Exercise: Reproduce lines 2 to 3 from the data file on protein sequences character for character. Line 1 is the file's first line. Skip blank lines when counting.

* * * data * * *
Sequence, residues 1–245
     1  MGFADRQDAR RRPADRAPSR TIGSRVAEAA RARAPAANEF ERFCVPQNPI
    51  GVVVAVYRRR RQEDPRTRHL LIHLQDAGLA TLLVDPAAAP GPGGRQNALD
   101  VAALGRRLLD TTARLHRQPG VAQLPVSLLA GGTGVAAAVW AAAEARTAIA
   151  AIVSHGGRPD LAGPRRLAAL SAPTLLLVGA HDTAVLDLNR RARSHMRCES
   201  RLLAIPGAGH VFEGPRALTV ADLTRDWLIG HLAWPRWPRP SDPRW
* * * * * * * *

     1  MGFADRQDAR RRPADRAPSR TIGSRVAEAA RARAPAANEF ERFCVPQNPI
    51  GVVVAVYRRR RQEDPRTRHL LIHLQDAGLA TLLVDPAAAP GPGGRQNALD